Pretty much every dog salivates, there's just no stopping it. If you have one of the many dog breeds with wide lips & big, constantly open mouths, then you are all too familiar with this trait. Many owners of bigger dog breeds know the struggle of their canine getting saliva all over themselves and everything else around them. In fact, a lot of owners are quite familiar with the struggle of what is often jokingly referred to, in canine enthusiast circles, as the “doggie drip!” While it's certainly normal for a dog to drool, what causes it? And when should you be concerned about too much of it?
The Root of the Behavior
Drooling is generally a normal canine trait that happens when dogs with large mouths or jowls have saliva that builds up internally, often while they're at rest. Then once your dog becomes active, you witness your dog leaking saliva from his mouth. While not normally a cause for concern, if it becomes bothersome the leaking saliva can be taken care of with regular grooming for your loveable canine.
In the warmer summer months, an excessive amount of saliva can be indicative of possible heat stroke in your dog. If the heat in the area is hitting higher than average temperatures, and you can clearly tell that your dog is breathing hard, this may be an indicator of possible heat stroke. To stave off any problems that could result from this condition, if you notice your dog exhibiting these types of symptoms, it's wise to get them to cooler conditions (even just a shady spot) and give them water so that they can rehydrate.
Dr. Hohenhaus, a professional veterinarian with over 15 years of experience, suggests that excessive drool can be indicative of neurological disorders in your dog. Sometimes an animal can lose complete feeling in their face, often times resulting in painful facial paralysis that can put your dog in danger of a medical emergency, especially if it interferes with their ability to eat or drink. If you notice your dog avoiding food, or coughing with regularity in conjunction with excess drooling, Dr. Hohenhaus recommends taking your dog into the vet immediately.
Another possible reason for more than average amounts of drool, are various dental conditions. Excessive plaque buildup can cause tumors and abscesses to grow and can even eventually lead to severe dental conditions like infections or even diseases. It's always a good idea to take your dog to get regular dental checkups prior to seeing excess drooling issues, as these problems are usually easily avoided.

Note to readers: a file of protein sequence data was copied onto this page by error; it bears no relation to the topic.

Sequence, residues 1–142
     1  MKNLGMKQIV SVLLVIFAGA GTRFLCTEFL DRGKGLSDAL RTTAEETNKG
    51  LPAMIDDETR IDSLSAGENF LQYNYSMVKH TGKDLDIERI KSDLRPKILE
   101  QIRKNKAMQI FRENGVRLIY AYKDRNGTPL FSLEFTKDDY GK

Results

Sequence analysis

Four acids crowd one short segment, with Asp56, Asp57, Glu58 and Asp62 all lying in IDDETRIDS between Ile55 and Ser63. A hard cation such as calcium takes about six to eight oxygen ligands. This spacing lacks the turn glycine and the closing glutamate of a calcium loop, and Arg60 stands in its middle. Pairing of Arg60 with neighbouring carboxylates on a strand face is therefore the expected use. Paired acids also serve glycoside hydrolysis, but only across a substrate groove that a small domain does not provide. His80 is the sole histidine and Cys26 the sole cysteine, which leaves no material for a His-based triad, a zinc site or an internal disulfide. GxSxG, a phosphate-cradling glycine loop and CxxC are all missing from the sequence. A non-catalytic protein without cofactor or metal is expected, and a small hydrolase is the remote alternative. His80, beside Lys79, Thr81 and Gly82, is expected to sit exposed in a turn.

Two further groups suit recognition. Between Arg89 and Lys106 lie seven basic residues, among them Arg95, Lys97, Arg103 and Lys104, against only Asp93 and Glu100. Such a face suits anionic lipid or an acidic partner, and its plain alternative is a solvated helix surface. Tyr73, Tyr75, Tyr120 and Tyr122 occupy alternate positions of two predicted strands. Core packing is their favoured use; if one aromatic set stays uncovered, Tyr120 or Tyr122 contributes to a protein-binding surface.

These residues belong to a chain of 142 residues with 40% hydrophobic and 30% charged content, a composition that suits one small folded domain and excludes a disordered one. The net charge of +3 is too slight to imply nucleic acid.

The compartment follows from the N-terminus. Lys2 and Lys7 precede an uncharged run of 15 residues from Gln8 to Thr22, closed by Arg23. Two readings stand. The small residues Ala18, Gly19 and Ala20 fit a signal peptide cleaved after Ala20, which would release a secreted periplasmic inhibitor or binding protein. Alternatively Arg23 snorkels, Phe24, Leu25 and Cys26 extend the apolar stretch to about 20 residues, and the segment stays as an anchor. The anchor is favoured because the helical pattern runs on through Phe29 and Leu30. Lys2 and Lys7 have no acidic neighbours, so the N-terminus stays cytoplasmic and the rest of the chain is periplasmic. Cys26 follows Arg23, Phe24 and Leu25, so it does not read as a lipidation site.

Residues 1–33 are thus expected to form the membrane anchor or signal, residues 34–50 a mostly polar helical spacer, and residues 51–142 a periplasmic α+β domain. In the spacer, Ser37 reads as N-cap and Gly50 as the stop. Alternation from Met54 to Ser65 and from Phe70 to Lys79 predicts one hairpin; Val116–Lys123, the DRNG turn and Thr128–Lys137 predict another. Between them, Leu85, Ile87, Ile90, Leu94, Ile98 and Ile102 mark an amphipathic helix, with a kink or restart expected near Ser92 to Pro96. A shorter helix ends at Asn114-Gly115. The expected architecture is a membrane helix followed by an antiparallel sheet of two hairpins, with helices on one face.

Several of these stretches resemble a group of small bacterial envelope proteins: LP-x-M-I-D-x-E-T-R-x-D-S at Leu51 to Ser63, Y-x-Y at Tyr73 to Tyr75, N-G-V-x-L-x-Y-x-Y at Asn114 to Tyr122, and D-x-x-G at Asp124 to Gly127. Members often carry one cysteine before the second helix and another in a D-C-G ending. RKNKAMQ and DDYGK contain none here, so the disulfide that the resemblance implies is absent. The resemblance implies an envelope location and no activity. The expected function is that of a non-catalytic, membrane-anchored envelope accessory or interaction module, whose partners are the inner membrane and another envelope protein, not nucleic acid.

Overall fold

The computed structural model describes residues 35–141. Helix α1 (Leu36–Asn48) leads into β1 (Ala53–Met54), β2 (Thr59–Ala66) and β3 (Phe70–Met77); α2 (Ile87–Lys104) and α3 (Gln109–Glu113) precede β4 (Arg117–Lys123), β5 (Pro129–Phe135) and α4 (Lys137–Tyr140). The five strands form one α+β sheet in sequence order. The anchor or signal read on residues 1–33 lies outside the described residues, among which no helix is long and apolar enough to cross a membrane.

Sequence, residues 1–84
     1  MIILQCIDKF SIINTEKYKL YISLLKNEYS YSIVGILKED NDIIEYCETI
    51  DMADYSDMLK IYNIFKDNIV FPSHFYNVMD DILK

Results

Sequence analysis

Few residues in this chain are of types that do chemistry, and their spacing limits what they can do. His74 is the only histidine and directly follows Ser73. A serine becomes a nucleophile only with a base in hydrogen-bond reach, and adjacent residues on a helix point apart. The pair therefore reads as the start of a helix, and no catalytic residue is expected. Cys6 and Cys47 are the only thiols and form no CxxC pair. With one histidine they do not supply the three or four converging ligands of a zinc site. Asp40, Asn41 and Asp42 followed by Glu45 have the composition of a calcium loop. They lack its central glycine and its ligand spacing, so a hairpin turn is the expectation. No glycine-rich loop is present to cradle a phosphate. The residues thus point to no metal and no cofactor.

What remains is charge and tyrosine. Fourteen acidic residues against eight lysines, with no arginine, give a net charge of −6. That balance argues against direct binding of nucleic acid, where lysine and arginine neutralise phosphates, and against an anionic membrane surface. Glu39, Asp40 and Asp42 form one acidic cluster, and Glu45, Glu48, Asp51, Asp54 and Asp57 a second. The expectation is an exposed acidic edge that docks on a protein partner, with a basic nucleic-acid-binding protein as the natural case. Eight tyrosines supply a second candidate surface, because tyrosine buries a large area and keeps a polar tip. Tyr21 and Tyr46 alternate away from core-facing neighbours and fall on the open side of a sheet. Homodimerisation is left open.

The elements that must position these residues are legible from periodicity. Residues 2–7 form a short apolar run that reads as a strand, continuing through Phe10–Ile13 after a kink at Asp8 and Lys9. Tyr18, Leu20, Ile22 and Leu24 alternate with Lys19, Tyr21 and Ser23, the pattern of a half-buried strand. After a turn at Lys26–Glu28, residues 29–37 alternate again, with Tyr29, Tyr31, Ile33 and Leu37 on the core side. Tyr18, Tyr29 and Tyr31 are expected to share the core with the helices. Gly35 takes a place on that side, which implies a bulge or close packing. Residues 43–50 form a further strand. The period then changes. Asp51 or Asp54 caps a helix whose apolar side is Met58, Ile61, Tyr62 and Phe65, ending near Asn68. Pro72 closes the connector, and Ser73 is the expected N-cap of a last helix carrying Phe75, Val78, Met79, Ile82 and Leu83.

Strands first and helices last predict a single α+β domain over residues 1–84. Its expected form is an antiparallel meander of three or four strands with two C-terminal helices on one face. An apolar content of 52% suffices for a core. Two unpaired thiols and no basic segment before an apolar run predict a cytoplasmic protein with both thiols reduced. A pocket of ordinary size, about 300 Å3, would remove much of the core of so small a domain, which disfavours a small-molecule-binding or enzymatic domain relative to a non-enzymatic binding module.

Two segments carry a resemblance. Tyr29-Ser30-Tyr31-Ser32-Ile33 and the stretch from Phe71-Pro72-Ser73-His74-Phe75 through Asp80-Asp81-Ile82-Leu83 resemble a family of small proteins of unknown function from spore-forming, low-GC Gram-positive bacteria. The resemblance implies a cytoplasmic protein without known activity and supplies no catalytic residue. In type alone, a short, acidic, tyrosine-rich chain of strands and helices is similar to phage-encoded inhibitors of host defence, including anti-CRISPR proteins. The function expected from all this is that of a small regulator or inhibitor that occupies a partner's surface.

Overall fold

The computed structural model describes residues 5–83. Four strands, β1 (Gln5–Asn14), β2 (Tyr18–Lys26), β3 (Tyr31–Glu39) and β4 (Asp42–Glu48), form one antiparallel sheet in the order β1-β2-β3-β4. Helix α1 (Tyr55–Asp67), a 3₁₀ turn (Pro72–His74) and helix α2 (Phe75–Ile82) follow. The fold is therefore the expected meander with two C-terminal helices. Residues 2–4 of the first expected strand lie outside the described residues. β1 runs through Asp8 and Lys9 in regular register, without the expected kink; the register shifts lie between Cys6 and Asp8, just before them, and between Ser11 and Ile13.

Encouraging the Behavior
So, what's the harm in your dog drooling? Well, it depends on the situation and what exactly is happening. If you are finding that your possessions are constantly getting ruined with drool, perhaps that is an indicator that changes need to be made in the house. World famous animal trainer. Cesar Millan, notes that sometimes the destruction of an owner’s possessions can also be a great indicator of separation anxiety. Another facet of this is to pay attention to when your dog drools. Is it a regular occurrence, or is something in particular making him do it? If you notice that it happens only after chewing a specific item or plant, it may be an indicator of an allergy. In this case, it might be wise to try and steer your dog toward another toy, plant, or food item and see if this alleviates the problem.
Excessive salivation tends to also be an indicator of generalized anxiety in dogs. Helping your canine build self-esteem in these instances can be very beneficial, and could also curb the drool. This can be done by engaging in behavioral practices, and while it is a slow process there are a lot of organizations that specialize in this disorder.
Other Solutions and Considerations
If you've researched the reasons behind this behavior already, you've probably noticed that while in certain cases it can be a sign of serious issues, more often than not there's nothing to worry about. But unfortunately, the few problems that do cause excessive drooling can take the life of your dog quickly. This is why it is absolutely crucial to take your dog in for regular checkups whenever possible. Various doggie diseases, like cancers and viruses like rabies, aren't something to procrastinate on. Another possibility is that due to excessive chewing, dogs can quite regularly get pieces of things lodged inside their mouths. Checking regularly to see that your dog’s mouth is clean of debris is a great way to avoid this.
You probably shouldn’t be too concerned about your dog drooling. It’s a normal, healthy trait that helps your pet properly digest food and deal with shifts in weather. What’s more important here is that you pay attention to the behavior that your dog exhibits, and maintain a regular schedule of care and maintenance. At the very least, it’s a general “drool” of thumb!